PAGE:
The idea is to show your appreciation and also involve your supporters in your educational journey. For example: If you want to become a lawyer and are raising money to complete your degree, why not offer a free legal consultation once you pass your required certification exams? If you want to become an app developer, you could offer to develop an iphone or android app for a below market rate.

Give people an incentive to support you, whether it’s being willing to volunteer for the local community or a thoughtful and emotional thank you note.

3. Reach out to your local network and local community.

I know you don’t want to hear this, but your social network and local community is going to be the most likely set of backers for your education crowdfunding campaign. For example, in this Boston Globe article, Alexis-Brianna Felix shares how she raised over 5k for her education.

“Many donations came from friends Felix made at the Horace Mann School, a prestigious private college preparatory school in the affluent Riverdale section of the Bronx she was able to attend due to good grades and generous financial aid. Others came from alumni of the high school and BU, and from strangers.”

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4. Set as low a goal as possible.

As we talked about in the last article, the average amount raised during a GoFundMe campaign is $1,126. 76% of users set a goal that is $1,000 or less. You may think that it would be nice to raise $150,000 and cover your entire tuition, but this is going to be near-impossible. Instead, focus on a small subset of your education costs (books?) or an education-related project that you would like to complete (study abroad, community service trip, etc).

5. Explain what, why, where, how, and when.

Don’t leave out the what, why, where, how and when. All of these elements should be included in your video pitch and campaign text. You need to treat your backers like investors and let them know exactly where their money will be going, why you need it, what it will be going towards, how you intend to accomplish your goals, and when they can expect their rewards or for you to accomplish your goals.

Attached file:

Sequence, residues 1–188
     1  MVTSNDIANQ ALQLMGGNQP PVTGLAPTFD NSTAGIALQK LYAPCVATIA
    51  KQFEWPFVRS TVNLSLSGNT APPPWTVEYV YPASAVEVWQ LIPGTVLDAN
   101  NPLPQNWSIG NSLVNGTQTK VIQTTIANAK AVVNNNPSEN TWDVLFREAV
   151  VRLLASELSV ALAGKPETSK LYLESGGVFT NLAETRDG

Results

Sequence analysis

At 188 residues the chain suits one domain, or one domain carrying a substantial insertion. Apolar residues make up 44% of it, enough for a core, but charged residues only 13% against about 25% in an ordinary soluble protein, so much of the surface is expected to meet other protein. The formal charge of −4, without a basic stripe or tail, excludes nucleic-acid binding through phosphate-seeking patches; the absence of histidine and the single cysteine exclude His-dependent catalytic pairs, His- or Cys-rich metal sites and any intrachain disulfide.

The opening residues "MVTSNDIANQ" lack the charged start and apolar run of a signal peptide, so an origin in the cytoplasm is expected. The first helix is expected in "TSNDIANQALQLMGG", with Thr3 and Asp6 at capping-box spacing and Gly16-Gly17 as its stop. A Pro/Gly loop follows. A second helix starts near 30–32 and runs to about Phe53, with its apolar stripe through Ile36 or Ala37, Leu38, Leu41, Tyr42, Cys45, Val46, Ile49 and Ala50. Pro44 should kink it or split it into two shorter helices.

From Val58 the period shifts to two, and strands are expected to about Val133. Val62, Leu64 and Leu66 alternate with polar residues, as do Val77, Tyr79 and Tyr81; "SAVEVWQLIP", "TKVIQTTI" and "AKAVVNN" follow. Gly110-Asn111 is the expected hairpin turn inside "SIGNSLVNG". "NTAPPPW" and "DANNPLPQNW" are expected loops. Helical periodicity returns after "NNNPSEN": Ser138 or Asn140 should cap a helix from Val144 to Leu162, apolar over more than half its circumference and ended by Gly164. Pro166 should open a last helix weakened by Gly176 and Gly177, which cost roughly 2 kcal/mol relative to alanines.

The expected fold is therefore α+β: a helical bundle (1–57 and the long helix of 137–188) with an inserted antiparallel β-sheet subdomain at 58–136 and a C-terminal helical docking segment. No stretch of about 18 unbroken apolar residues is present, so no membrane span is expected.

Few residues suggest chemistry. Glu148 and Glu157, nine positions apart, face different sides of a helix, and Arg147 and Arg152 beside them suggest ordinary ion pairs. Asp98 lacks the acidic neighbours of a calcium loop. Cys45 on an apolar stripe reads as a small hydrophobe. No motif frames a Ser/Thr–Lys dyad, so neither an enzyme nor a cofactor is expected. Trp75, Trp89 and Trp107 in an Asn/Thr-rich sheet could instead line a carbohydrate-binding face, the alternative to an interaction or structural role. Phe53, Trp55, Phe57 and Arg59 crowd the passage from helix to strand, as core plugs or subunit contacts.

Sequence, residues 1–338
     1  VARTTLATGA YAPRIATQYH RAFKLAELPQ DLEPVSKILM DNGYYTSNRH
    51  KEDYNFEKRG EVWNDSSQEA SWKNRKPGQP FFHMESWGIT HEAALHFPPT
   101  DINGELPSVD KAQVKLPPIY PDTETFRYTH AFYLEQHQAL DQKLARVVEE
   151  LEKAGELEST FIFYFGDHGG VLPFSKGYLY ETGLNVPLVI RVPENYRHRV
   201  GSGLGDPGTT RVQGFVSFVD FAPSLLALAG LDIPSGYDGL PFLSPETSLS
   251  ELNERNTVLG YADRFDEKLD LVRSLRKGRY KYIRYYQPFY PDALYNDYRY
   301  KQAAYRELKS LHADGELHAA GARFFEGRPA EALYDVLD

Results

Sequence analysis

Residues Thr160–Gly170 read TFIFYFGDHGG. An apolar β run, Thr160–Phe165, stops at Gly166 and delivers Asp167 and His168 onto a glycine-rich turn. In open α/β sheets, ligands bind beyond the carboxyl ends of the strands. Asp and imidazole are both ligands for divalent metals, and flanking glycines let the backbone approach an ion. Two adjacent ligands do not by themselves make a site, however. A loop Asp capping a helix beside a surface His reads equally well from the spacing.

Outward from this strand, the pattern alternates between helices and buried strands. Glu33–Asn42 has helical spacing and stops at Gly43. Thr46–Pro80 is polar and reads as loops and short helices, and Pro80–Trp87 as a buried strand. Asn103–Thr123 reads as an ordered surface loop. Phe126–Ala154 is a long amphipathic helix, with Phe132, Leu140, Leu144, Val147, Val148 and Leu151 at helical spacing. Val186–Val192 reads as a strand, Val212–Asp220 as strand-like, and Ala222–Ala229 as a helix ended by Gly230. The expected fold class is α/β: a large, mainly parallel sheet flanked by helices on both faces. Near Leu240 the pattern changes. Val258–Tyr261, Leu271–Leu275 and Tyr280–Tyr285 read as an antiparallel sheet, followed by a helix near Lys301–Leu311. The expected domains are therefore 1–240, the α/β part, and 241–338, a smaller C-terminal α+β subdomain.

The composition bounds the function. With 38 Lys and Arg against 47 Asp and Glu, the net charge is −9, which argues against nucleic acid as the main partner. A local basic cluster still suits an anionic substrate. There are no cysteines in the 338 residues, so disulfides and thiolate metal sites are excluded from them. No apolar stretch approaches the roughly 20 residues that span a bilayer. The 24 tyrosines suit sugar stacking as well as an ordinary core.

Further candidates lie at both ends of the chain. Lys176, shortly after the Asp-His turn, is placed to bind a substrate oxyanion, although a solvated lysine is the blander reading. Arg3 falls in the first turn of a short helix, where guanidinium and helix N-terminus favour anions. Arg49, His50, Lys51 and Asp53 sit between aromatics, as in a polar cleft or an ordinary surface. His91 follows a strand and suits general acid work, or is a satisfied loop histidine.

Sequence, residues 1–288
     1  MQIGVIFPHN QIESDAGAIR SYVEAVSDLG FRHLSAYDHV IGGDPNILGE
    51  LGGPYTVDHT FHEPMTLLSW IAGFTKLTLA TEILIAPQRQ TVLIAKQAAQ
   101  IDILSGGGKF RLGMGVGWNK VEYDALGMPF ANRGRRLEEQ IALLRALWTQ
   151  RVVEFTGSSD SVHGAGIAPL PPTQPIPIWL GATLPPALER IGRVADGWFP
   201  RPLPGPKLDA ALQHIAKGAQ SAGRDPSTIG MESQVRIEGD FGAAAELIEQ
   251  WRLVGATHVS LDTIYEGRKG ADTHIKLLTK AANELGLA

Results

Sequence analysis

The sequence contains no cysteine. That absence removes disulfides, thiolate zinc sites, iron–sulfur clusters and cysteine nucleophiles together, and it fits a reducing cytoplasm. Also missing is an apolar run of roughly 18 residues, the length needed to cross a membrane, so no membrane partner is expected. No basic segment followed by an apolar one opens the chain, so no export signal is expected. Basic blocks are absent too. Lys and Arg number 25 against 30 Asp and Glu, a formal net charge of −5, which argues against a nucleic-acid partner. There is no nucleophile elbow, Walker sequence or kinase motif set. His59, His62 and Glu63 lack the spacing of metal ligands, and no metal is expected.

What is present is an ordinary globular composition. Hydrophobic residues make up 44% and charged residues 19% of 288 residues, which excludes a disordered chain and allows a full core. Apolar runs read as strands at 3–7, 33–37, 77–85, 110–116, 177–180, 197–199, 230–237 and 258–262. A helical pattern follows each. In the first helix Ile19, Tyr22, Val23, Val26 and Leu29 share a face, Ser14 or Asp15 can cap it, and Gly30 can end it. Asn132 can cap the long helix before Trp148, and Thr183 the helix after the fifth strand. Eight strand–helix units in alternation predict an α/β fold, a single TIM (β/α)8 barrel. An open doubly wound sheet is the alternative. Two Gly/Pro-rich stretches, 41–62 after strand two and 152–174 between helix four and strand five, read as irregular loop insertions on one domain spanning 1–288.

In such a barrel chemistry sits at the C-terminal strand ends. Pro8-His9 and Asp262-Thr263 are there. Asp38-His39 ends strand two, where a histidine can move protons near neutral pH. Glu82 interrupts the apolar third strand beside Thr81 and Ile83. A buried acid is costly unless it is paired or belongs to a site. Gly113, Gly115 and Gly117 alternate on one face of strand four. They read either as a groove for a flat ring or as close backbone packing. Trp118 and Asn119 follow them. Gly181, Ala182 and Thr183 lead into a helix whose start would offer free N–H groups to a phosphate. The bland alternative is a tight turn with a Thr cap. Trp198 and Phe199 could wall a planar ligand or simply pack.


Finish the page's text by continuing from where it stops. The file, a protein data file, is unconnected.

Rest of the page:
The key rule here is to pitch them with passion. Don’t just list out why you need funds or where the money will go. Show them your passion for your educational endeavor. One backer in the campaign discussed in #3 said:

“We don’t know each other, but I was touched by your courage, tenacity, and perseverance.”

6. Don’t be humble.

You should treat the campaign almost like a job interview. What have you accomplished up to this point? Where do you see yourself going during university and after? Why can you accomplish your dreams? Don’t forget to toot your own horn, because no one else will. Be confident in yourself!

7. Be humble.

Sounds contradictory, but you also need to be humble. DO NOT BEG, but explain why any donations will change your life and how grateful you will be for any support.

8. Hold yourself accountable.

How can you convince backers that any funds donated will have a real impact in your life and lead to real-world results? Any way that you can hold yourself accountable to your backers and keep the up to date with your progress will positively affect your chances of raising funds. I recommend starting a blog.

9. Reach out to your heroes.

In the campaign described in #1, Vikas Lalwani reached out to his hero:

“I then started sending out emails asking for help and got contributions from highly respected people in the industry, including Reddit’s Alexis Ohanian and a top investor from Andreessen Horowitz.”

If you can describe how your hero has impacted your life thus far, it may increase the chances that he or she will respond to your email. For other tips regarding getting people to respond to your emails, see this article.


Let me know if you found this article to be helpful in a comment below. I’d love to hear what you think. With all these tips, you might think it’s very difficult or near impossible to raise money for education-related expenses. This is not true! Check out this recent successful campaign “18-Year-Old Crowdfunds His Way to Yale.

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  • Simon Fox

    I’ll admit I’d never thought of crowd-funding for something like this, within Scotland it’s relatively easier to acquire assistance with tuition fees and student bursaries, but I do forget that other countries are not as fortunate to have such support.
    With something as important as education we really should expect the Governments to offer more assistance than they do, but websites like Kickstarter and JustGiving are a fantastic aid to those who otherwise could miss out, after all, if you don’t ask for help you won’t get it.
    Good article, I think more people need to discover there are other ways to gain an education than getting yourself badly into debt.

    • CrowdCrux

      Yea, education costs are also much higher in the US to my knowledge. Glad you liked the article!

  • I also had no idea people were doing this. I really like this notion and think it should get more airtime, because I feel like many people may realize they CAN go to school if they hear of this notion, not only because it’s another option for raising money, but because it emphasizes an outside of the box thinking that is often all you need to get motivated. Good read.

    • CrowdCrux

      Good points. There have been a few more stories in the news about students who are raising money for tuition, but I agree, most people are not aware of it.